I Tried Out an HIV Self-Testing Kit #LovedIt

This article is presented by CATIE.

If there’s one good thing that came out of the pandemic, other than bringing QR codes back from limbo, it’s the promotion and normalizing of self-testing.

The whole world now has years of experience with Q-tips inserted into the backs of noses and droplets placed on colour-changing strips to obtain results.

The idea was for people to reclaim their own viral statuses.

In November 2020, the Government of Canada authorized yet another type of self-test: one for HIV. Available in several countries for several years now, this test lets you take a drop of your own blood, perform the actual test, and interpret the results.

Like all self-tests, it increases the total number of tests performed and is a super effective way of reaching people who don’t get tested as often as is recommended. In short, it makes screening much more accessible!

I tried this HIV self-test and found the experience to be bloody simple. Below, I tell you how it went… all the way to the last drop.

Ordering the kit

To get the free HIV self-testing kit, I went on CATIE’s website, Canada’s source for HIV and hepatitis C information. It’s an extremely important organization that has been spreading its mission to the four winds since 1990.

The rest was literally the equivalent of online shopping, minus the part with the credit card: #free. First, you enter your name and address. Then, the test is shipped. Finally, approximately seven to ten business days later, it ends up in your mailbox.

CATIE sends you two or four kits, depending on your preference. You want to have enough tests to be absolutely certain of your test results, in case Fluffy jumps on the test vials (oops!), or to give one to a friend or partner.

In order to obtain a valid test result, it’s important to make sure that you are beyond the HIV infection window period before performing the test. The window period is the time it can take for the virus to become detectable via antibodies. Typically, you have to wait between three and twelve weeks following a potential exposure to the virus. In about half of the population, antibodies are detectable after 22 days.

Each self-testing kit includes a testing device, three small vials (I’ll explain their use in two seconds), a band-aid, a sterile single-use lancet (to draw blood), and a super complete, illustrated instruction manual to guide you through the testing procedure and help you interpret your test results.

Not a fan of paper? Rex decided to snack on the instructions? No problem! The instructions are also available online.

Alright! Time to draw some blood.

Collecting a drop of blood

Sampling a drop of your own blood can be pretty scary. I love needles as much as Dracula loves biting into garlic bread under the midday sun. That being said, the small sterile lancet provided in the kit makes everything super simple and painless. Cross my heart!

Just massage the fingertip of your choice to foster circulation, then press the lancet on the lucky fingertip (for me, that’s the index finger) to activate the needle, and presto! Blood appears. Place your finger above the first vial intended for this purpose and collect the precious red drop. A small band-aid is even included in the kit. I found this to be a sweet and thoughtful gesture.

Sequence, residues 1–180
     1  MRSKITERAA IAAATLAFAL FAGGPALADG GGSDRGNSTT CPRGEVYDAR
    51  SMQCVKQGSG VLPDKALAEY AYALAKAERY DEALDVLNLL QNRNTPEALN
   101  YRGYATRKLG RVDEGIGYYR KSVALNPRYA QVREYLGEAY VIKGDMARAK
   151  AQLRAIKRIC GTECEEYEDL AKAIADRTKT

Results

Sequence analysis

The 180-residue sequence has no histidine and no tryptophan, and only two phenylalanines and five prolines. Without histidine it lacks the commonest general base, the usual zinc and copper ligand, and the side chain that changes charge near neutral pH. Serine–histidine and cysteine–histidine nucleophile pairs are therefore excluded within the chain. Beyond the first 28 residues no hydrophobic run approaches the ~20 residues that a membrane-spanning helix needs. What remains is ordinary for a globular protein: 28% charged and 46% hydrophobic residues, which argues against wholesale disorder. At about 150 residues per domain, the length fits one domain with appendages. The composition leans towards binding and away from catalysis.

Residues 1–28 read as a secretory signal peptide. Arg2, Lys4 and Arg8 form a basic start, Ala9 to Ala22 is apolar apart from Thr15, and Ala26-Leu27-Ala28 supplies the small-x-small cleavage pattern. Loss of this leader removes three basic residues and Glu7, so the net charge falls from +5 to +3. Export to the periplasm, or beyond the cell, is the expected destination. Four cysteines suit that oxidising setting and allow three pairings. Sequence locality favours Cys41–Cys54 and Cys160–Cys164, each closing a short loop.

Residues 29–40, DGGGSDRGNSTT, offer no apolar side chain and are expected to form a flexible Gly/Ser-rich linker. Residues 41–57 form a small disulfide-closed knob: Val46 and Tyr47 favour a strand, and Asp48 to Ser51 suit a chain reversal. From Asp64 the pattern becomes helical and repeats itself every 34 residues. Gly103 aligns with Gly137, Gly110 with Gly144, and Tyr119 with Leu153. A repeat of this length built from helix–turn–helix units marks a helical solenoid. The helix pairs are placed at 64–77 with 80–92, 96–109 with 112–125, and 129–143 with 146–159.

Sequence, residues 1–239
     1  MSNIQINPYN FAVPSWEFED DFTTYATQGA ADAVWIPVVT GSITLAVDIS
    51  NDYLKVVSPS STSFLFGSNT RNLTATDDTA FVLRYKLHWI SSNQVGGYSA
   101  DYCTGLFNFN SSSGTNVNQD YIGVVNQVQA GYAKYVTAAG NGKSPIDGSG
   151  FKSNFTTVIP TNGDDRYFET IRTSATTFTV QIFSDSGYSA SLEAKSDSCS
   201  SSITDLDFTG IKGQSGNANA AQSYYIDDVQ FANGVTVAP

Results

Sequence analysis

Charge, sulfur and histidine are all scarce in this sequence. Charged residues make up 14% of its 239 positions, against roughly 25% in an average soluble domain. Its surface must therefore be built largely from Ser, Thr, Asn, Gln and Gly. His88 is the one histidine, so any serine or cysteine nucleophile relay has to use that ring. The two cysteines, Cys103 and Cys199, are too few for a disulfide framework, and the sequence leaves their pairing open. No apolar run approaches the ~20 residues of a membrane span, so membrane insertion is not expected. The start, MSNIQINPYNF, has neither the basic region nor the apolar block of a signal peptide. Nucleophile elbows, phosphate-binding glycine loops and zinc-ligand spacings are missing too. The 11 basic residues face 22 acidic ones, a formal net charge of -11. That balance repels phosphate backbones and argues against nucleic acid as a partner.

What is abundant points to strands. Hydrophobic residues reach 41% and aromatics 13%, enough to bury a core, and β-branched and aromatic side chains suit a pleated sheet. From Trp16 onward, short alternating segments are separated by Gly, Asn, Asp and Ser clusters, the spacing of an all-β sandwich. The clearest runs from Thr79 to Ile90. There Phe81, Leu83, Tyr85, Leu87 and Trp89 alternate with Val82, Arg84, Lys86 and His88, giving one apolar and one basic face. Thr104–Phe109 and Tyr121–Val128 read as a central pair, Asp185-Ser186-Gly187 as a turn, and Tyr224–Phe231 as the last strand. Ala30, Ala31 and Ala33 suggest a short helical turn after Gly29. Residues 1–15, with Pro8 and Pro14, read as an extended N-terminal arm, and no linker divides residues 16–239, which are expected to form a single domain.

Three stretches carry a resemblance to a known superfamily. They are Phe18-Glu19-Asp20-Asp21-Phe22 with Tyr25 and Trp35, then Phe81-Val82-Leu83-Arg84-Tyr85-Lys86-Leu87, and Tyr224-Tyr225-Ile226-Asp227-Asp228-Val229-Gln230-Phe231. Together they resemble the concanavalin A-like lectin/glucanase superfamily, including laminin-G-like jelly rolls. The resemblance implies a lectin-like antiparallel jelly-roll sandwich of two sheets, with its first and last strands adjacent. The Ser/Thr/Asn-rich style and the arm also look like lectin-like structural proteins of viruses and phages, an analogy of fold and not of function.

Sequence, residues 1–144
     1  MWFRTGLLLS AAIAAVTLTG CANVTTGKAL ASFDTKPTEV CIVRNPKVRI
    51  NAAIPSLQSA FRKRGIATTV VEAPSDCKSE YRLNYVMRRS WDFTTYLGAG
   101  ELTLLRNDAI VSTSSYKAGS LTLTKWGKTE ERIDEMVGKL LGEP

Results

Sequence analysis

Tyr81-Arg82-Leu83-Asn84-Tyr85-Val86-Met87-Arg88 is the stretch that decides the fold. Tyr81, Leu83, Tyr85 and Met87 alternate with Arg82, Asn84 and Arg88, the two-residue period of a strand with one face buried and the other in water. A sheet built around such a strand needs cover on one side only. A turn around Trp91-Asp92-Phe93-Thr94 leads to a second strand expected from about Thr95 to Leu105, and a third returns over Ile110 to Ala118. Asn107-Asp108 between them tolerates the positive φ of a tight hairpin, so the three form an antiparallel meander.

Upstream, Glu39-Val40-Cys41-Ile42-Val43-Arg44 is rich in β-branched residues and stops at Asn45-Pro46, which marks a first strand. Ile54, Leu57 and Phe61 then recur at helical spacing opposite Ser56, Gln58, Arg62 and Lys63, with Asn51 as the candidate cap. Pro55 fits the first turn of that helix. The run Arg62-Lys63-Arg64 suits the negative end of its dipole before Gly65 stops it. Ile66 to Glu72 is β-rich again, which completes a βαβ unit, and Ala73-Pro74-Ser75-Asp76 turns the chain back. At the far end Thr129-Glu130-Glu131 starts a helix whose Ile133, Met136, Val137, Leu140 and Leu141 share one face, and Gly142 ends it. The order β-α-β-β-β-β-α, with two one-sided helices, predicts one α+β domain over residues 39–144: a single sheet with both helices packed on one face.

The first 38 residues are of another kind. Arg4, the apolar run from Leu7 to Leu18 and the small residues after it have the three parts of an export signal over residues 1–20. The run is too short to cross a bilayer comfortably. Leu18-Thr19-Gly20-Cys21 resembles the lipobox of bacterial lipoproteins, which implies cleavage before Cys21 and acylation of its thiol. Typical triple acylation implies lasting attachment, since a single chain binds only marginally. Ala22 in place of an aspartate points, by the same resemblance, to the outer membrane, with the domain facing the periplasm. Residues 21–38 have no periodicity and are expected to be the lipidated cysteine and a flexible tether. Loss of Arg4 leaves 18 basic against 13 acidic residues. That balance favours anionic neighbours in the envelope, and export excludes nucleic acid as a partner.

Shake the bottle four times and pour the reddish liquid onto the square testing device. Then, shake the second and third vials, which are already filled with liquid, and pour them onto the device. These liquids will react when they come into contact with the blood sample.

As the mixture of substances reacts, the strip in the centre begins to change colour. The test result appears almost instantly.

Let me just pause here for a second to emphasize that receiving a positive HIV test result can be an extremely scary, upsetting, even dizzying experience. It’s so valid and understandable to feel that way. Several organizations offer support to HIV-positive people, whether it’s to help them access information or enable them to take advantage of free partner-notifying services.

Know that it is now possible to live a full life with HIV thanks to tritherapy, which makes the virus undetectable and untransmittable. Also, living with HIV does not mean that your sex or love life is over.

Above all, your test result does not define you as a person.

Interpreting your test results

You remember the apprehension you felt while waiting and watching your COVID test sloooooowly change colour? Well, in this case, the test result is almost immediate.

If only one dot appears (the control dot on top), the test result is negative. However, if two dots appear, both the control dot and the test dot, the result is positive.

Important: when someone gets a positive HIV self-test result, it means that they are most probably HIV-positive, but this will have to be confirmed with a laboratory test. The person will have to consult a healthcare professional in order to take a confirmation test.

Generally speaking, if the lab test is performed correctly, the degree of accuracy is very high: over 99.0% accurate.

I’m done with my test and I throw away the kit, feeling lucky and privileged to have such easy access to this free resource.

It is with a heart full of gratitude that I draw a little smiley face on my band-aid. 🙂

What a coincidence…

…it goes perfectly with the smile on my face.